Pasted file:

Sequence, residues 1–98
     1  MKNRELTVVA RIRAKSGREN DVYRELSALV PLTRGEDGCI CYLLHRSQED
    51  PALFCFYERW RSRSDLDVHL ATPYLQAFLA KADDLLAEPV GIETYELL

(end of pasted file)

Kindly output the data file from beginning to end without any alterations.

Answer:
Sequence, residues 1–98
     1  MKNRELTVVA RIRAKSGREN DVYRELSALV PLTRGEDGCI CYLLHRSQED
    51  PALFCFYERW RSRSDLDVHL ATPYLQAFLA KADDLLAEPV GIETYELL